OKP: While attempting to solve the diversity and inclusion issue that is a part of this cannabis industry — what other obstacles have you overcome in EstroHaze’s journey to establish itself as a driver of culture and commerce?
EH: We as co-founders have sought to be intentional in creating a platform that highlights diverse perspectives within the industry. By showing the realities, for example, of securing a license for a cannabis business with the people actually doing it through our “Journey to Licensure” series we serve as a bridge for those looking at ways of accessing this industry. Every legalized state has different rules and regulations when it comes to cannabis and we connect with the experts and leaders in those states and share that information with our audience.
We also have partnered with others in the industry to lend expertise in areas. Nina Parks, a dynamic voice in the cannabis community, also a co-founder of Supernova Women has a video column on EstroHaze called: #AskNina. There she answers questions and provides information related to cannabis policy and equity.
EstroHaze is also creating original programming and serving as space for other cannabis creatives to share their work. Creatives can submit directly to our website (photo essays, op-ed, cannabis policy issues, dab art, etc). We are proud to be a home for fresh voices looking to define their cannabis reality and break stigmas — whether they are sharing the pains of cannabis entrepreneurship or how they use cannabis for health and wellness.
In addition to working with other creatives, we are working with other organizations to help facilitate the conversations happening nationwide concerning cannabis legalization, social justice reform, and business building. We recently worked with MJM Strategy for a marketing promo “10 Cannabis Commandments” that will be shown in full at the National Cannabis Festival. We’ll also be announcing an education-focused partnership that we are very excited about soon! EstroHaze provides “edutainment” for the around the way smoker, sophisticated consumer, and the canna-curious.
OKP: It’s no secret that cannabis culture is the new gold (green) rush. Hell, even John Boehner has joined a board to enrich himself since D.C. is a legal cannabis state. Where does this paradigm shift leave the hundreds of thousands (or millions) of black-and-brown people who are imprisoned for small drug crimes? How does EstroHaze shed light on this issue while helping to highlight black-and-brown people who are doing great work within the budding industry?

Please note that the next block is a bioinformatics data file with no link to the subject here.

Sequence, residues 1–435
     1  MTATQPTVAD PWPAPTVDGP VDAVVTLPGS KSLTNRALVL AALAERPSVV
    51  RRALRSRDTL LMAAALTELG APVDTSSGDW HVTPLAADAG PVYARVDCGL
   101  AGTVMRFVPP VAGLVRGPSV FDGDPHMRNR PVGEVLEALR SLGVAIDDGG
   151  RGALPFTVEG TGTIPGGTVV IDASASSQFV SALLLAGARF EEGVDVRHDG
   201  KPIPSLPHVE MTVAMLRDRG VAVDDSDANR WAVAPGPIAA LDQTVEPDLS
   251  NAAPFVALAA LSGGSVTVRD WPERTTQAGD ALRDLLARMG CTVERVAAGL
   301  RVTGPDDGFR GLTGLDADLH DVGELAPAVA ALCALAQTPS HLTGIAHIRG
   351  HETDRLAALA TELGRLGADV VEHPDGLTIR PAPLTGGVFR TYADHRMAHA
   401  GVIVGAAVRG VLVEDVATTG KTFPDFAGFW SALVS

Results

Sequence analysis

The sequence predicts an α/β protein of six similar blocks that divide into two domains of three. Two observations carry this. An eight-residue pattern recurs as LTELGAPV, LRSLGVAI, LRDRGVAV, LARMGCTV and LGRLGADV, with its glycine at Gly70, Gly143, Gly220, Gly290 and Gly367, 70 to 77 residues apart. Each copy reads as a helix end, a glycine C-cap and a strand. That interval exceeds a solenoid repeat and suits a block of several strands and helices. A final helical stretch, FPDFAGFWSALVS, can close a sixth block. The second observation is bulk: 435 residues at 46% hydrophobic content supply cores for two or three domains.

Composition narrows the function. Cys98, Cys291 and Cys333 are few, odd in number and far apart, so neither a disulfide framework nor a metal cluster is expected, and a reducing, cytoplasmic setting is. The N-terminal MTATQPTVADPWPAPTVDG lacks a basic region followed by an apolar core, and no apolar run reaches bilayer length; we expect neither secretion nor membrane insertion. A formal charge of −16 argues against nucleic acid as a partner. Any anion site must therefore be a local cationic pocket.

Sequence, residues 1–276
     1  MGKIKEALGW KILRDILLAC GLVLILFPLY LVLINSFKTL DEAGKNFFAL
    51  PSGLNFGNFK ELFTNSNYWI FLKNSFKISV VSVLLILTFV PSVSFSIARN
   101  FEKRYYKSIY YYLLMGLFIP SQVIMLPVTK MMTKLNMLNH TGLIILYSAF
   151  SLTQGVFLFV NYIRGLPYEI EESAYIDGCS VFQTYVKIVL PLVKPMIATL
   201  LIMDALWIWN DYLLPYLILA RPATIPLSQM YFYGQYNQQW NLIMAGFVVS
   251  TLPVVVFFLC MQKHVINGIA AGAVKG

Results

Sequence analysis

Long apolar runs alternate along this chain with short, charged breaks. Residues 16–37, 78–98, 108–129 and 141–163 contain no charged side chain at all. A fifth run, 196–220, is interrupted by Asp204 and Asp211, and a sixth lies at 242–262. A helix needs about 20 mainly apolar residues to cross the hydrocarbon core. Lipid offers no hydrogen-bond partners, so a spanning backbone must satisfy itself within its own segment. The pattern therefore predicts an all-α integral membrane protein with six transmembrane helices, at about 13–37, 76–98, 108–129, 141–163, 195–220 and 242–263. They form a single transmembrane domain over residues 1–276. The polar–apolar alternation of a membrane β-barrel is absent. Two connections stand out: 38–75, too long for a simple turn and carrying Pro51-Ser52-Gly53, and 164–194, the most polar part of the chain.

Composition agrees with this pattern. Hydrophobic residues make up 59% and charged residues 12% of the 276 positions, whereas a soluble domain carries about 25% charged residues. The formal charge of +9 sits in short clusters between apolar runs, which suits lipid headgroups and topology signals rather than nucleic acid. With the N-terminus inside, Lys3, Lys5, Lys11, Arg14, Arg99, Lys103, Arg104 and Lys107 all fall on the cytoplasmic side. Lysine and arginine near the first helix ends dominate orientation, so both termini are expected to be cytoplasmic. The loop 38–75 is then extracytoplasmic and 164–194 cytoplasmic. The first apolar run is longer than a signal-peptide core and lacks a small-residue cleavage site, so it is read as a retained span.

EH: We shed light on the issues of social justice by highlighting the voices working in those spaces. Kassandra Frederique, Leo Bridgewater, The Hood Incubator, Cannabis Cultural Association, Supernova Women, NORML, Minorities for Medical Marijuana, Revel — these are just a few people and organizations doing great work in providing cannabis industry information, education, and resources for communities of color led by people of color.
It’s important for people to know what’s happening in their state concerning cannabis laws and social justice reform. We have to be in the rooms when legalization is being discussed to ensure our communities benefit from the “green rush”. It’s not too late and because this is a political, bipartisan matter, it’s more important than ever to get educated and not be left behind. Ignorance isn’t bliss, it’s poverty. People of color have been locked out too long to not benefit from this amazing plant. Both medically — because it is medicine and financially if they so choose. But, you must be in the rooms, know the players and get your action plan in order because this is big business.
When tax distribution is being discussed around local cannabis businesses we need to be in the rooms ensuring that portions come back to our communities and schools and not only to the fire and police departments. Start going to local events, getting and sharing information. We have to show up and support those who are doing the work.
OKP: Cannabis does have its detractors—Jeff Sessions, white evangelical Christians, Fox News—that believe the drug to be just as harmful as an opioid or narcotic. What would you say to them and others who believe that cannabis is a detriment to the health of the American public?